• Nazar Kaminskyi

Deepfakes... and its threats (part 1)

Mis à jour : il y a 5 jours





Deepfake is one of AI most popular topics. People enjoy the WOW-effect of showing off in surrealistic videos, puting their face on a celebrity’s body, making paintings talk (ask Mona Lisa!) or speaking with somebody else’s voice.


These tricks have already emerged for some years ago, but today the technology brought to the public is much more mature and you can create fake videos/images with the only help of your smartphone.


Deepfake rose together with the deep learning boom following ImageNet competition in 2012. Algorithms became better than humans at unconstrained tasks like object detection or image segmentation. Soon the technology spread to the mass market and in 2016 appeared the first popular deepfake applications with Neural Style Transfer (NST), used by many mobile applications such as DeepArt or Prisma. Images, then videos became ground for manipulation. As of today, it is possible to turn a video into a painting in real-time.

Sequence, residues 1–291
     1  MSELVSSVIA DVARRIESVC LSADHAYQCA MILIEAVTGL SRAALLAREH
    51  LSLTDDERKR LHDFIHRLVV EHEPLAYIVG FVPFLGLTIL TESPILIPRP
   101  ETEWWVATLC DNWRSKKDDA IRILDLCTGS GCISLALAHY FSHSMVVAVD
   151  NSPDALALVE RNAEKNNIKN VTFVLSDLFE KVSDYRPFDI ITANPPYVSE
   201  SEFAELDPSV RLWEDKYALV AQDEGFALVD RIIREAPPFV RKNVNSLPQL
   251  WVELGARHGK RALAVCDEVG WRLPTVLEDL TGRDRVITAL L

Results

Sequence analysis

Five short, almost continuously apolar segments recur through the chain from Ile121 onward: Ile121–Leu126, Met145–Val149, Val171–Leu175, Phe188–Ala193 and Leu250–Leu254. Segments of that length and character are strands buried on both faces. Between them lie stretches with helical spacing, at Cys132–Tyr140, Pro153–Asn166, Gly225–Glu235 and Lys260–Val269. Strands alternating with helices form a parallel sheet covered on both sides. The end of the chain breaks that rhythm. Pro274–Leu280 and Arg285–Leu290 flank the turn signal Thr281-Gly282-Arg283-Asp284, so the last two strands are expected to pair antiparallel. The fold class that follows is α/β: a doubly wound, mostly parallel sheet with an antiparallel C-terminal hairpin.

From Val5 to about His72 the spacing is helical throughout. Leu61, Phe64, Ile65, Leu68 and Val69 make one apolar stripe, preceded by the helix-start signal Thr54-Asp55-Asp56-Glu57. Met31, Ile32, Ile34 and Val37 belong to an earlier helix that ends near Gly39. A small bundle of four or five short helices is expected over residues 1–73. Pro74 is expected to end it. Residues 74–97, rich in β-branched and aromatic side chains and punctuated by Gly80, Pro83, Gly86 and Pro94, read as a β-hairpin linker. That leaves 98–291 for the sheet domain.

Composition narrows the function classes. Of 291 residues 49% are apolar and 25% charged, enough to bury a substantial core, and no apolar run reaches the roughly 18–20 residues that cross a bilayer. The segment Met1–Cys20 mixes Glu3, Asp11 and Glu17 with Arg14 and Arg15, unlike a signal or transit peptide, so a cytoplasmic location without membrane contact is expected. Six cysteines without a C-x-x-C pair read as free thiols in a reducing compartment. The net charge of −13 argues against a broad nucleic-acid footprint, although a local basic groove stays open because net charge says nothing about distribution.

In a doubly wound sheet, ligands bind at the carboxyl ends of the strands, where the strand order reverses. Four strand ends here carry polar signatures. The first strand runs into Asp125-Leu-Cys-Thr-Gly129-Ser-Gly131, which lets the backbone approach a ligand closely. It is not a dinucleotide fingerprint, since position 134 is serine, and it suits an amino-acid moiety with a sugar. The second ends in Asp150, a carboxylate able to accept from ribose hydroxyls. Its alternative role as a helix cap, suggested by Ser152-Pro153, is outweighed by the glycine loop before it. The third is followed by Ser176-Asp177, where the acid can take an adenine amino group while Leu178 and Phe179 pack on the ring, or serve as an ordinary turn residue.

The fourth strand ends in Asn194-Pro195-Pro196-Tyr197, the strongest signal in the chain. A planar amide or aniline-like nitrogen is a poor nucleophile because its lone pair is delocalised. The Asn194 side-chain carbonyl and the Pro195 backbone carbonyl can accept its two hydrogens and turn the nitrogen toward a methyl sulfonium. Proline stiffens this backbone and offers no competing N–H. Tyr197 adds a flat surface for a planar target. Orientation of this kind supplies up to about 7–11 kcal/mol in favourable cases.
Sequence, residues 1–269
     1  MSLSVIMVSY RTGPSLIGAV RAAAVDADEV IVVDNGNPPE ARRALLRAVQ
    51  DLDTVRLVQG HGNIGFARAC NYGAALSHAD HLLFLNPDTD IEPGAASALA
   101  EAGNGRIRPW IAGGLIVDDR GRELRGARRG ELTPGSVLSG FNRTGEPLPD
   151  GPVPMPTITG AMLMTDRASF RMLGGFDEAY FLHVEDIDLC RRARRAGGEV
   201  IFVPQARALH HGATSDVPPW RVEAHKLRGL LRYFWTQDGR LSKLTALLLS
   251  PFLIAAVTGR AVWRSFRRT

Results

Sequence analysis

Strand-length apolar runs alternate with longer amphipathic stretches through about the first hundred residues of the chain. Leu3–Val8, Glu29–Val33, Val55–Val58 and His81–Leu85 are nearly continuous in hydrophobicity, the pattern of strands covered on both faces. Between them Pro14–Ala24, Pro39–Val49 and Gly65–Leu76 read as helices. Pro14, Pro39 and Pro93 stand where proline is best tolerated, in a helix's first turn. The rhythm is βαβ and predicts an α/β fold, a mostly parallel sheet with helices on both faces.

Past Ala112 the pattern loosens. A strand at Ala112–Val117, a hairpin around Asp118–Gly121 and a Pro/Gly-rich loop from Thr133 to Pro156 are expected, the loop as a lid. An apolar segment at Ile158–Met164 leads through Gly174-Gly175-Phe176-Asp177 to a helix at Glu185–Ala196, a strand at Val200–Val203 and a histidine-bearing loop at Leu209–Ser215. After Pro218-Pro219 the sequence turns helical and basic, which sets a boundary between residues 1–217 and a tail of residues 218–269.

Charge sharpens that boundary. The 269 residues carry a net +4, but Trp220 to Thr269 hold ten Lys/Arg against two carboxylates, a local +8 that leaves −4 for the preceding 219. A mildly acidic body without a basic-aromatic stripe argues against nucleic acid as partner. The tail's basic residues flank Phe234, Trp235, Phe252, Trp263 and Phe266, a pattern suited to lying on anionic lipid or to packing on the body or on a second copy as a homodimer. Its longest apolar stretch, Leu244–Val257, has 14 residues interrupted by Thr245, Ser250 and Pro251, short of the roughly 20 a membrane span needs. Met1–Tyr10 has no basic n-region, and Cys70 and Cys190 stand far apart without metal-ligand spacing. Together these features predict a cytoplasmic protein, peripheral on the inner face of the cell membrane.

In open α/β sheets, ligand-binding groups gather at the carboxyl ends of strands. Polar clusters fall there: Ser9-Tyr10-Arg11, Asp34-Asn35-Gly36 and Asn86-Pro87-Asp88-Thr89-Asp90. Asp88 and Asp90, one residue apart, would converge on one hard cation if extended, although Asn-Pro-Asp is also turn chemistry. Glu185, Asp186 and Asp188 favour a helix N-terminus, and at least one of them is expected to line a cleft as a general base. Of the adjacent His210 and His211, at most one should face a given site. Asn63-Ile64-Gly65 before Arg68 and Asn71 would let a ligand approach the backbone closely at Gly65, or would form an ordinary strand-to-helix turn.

Deepfake for fun?


On top of entertaining applications like Reface, MSQRD, or Face Swap Live, which allow you to swap faces on any video with extremely realistic results and no technical knowledge, other deepfake applications tend to be more than just leisure.


With the help of deepfakes, one can make historical figures live once again, for educational purposes. One can generate new lectures read by geniuses like Niels Bohr or Richard Feynman, as if they were alive. One can generate TV news just by writing a text, and translate it to any language with a single Python script.